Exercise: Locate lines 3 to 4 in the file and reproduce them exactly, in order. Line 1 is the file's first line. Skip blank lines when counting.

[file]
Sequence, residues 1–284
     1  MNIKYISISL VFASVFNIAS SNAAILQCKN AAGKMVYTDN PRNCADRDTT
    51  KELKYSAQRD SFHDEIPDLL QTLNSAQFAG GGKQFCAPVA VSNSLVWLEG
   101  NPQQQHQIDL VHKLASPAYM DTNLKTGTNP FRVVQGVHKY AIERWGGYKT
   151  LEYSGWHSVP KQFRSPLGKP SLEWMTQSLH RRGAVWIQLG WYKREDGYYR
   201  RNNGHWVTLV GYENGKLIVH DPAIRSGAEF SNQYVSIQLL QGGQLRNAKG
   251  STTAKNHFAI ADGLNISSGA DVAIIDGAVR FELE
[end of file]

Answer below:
    51  KELKYSAQRD SFHDEIPDLL QTLNSAQFAG GGKQFCAPVA VSNSLVWLEG
   101  NPQQQHQIDL VHKLASPAYM DTNLKTGTNP FRVVQGVHKY AIERWGGYKT